What a nasty man

Aaaaaaahhhh the joys of a holiday in a caravan. Cheap, cheerful, full of fun, exciting times when you are a six year old. Like you've fallen on hard times when you are a forty-something. 

Alas, that is where we spent five cosy days during the first week of the Easter holidays and we had a brilliant time. All shacked up together in a small plastic cabin and not one argument between us. 

We hired a rather nice adapted static caravan. Excellent ramp straight to the door, not so excellent flushed access from the ramp and over the threshold but better than lifting over several steps. Lots of room inside and a large bathroom with a shower seat.

It was during the evening of day one that Dan first pointed out the height of the sink and cooker or lack of it. Of course, adapted means everything is lower for wheelchair users. 

Beds were a thing of torture but bearable yet it allowed us to have an adventure and spend time together which we haven't been able to do for a while. 

As it turned out Zack was much happier at base camp than going on a tour of beautiful North Wales. 

We visited a few towns, which, whilst quaint in nature seemed to have not moved past 1959. And don't get me started on lack of internet facilities. Day two of my unplanned digital detox had reached fever pitch by my cries of "Why is there no wifi?" By day three I had learnt to accept my holiday life and was a much more relaxed human being. 

Swimming was a daily activity, adventure was a given and falling into a dress rehearsal for a musical was a fortunate event.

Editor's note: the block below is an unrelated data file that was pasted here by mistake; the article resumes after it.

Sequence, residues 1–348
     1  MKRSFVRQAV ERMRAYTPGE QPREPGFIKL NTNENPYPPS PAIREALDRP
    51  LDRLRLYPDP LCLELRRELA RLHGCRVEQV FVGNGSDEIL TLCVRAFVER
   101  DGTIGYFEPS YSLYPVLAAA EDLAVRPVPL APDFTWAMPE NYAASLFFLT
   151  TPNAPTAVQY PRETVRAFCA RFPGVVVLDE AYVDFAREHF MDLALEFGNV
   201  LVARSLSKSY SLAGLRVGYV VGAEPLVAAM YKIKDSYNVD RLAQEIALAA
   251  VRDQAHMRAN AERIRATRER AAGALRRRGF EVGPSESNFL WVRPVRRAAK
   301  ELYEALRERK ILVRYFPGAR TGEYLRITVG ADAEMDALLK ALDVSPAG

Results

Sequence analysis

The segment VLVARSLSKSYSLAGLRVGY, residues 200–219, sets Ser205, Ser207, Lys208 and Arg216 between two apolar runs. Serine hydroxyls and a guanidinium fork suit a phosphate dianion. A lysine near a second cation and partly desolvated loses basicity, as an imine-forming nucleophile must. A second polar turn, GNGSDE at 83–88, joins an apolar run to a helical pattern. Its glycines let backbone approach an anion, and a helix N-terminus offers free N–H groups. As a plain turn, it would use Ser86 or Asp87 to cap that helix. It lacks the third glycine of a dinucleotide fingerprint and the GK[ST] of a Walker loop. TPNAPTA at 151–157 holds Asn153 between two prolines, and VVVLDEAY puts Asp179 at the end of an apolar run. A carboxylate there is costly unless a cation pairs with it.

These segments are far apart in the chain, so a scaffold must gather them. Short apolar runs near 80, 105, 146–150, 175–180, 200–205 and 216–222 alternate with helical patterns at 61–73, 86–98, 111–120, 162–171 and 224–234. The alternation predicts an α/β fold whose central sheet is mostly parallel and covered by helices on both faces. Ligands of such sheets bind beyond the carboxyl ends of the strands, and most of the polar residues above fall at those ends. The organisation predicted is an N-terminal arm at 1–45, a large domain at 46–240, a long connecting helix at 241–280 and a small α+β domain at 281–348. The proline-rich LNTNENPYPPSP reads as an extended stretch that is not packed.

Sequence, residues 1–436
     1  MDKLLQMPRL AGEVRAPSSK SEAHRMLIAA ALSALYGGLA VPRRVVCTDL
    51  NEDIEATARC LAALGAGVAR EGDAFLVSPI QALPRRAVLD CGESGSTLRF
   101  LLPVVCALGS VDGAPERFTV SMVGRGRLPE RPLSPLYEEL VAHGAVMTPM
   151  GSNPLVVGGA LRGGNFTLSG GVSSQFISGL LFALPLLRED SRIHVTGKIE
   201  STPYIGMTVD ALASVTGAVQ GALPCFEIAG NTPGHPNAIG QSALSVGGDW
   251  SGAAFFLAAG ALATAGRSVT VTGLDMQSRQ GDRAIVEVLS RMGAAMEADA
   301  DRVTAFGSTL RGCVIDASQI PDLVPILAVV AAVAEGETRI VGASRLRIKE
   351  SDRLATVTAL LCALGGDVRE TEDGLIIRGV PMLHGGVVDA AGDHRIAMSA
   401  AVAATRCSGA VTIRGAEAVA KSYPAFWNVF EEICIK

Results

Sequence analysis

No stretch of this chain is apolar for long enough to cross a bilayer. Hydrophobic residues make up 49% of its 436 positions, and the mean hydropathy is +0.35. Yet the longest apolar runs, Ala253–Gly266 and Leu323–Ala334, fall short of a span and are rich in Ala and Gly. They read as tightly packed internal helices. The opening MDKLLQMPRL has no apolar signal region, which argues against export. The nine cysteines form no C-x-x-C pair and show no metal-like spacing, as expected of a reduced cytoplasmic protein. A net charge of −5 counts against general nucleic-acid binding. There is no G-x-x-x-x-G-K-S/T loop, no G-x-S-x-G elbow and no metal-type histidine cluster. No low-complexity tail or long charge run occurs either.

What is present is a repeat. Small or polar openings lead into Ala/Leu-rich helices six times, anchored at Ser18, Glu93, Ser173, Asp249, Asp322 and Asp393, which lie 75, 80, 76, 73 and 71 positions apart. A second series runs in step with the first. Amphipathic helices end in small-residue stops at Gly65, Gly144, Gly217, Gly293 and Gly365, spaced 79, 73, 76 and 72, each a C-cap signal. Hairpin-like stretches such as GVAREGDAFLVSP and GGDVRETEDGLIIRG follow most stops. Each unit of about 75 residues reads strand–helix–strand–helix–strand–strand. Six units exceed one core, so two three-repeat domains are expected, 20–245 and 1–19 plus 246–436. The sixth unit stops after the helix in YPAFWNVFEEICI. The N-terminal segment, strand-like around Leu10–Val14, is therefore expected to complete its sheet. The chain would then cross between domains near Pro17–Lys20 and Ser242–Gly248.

Pottery was painted and a child's gambling habit brought to the forefront by a determined father to win at the Trolls grabber machine even if it left him destitute and penniless. We were never successful and probably twenty quid out of pocket. 

There was a lot of eating. A lot of eating. But most of all, a lot of laughter. 

We encountered back to the dark ages disability discrimination from a lady of a certain age in a tatty old shop. 

This equated to a stand off between her, Dan and Zack. She being of the mind that he was not getting down the corridor of tat and Dan specifically telling her he was and he will and by no means is his son being forced out of a shop. End result, said lady of age going back behind her counter and in a loud voice making the statement, "What a nasty man." 

Ding, dong, round two. Now I'm involved defending the 'nasty man' and trying to explain that it wasn't very nice to not try and make the shop a bit more accessible for people with disabilities. She didn't care, she worked there six days a week she told me. I walked away knowing you can't educate the ignorant.

All that didn't matter when we watched a show that included children who were on holiday, one of which had cerebral palsy like Zack. The staff working in the show (are they entertainers? well you know the type, theatrical, sing a lot) made every effort to include her and she had the most beautiful voice when it came to her line to sing. 

You can't always get equality, but it's there in between the dark, pushing through. 

Disability equality aside, our staycation was a massive lump of joy. These are our good days and our lucky days. And when you have a child like Zack you treasure them even more. 


busybusybeejay said…
WHat a shame a petty minded person made that comment.Try and forget it.Glad you enjoyed North Wales as that is where I live and appreciate how lucky we are to end up here.

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